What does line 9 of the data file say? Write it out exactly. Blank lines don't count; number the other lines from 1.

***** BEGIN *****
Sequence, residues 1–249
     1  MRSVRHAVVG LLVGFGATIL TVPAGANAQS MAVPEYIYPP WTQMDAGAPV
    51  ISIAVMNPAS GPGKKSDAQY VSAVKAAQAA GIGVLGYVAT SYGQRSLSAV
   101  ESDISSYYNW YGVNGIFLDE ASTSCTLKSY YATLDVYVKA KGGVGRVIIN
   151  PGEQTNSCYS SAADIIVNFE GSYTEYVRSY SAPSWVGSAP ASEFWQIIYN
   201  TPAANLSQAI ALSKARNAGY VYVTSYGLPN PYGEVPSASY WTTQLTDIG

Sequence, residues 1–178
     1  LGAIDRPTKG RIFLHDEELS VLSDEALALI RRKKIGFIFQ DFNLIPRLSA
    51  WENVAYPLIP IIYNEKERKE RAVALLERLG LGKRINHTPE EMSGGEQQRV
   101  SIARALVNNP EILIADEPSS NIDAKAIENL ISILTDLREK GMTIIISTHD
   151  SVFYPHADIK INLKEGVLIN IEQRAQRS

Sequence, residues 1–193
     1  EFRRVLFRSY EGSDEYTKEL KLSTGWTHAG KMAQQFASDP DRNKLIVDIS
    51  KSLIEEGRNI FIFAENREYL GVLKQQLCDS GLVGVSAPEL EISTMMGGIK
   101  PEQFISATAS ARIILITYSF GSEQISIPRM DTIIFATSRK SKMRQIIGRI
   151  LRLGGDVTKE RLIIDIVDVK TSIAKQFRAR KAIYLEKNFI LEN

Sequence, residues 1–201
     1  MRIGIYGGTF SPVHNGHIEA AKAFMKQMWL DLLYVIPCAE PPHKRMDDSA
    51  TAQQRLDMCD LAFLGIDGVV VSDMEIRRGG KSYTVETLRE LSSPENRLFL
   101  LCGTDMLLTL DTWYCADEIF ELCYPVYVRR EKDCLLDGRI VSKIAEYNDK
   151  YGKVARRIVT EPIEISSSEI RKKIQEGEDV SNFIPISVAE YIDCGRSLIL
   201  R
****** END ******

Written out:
    51  WENVAYPLIP IIYNEKERKE RAVALLERLG LGKRINHTPE EMSGGEQQRV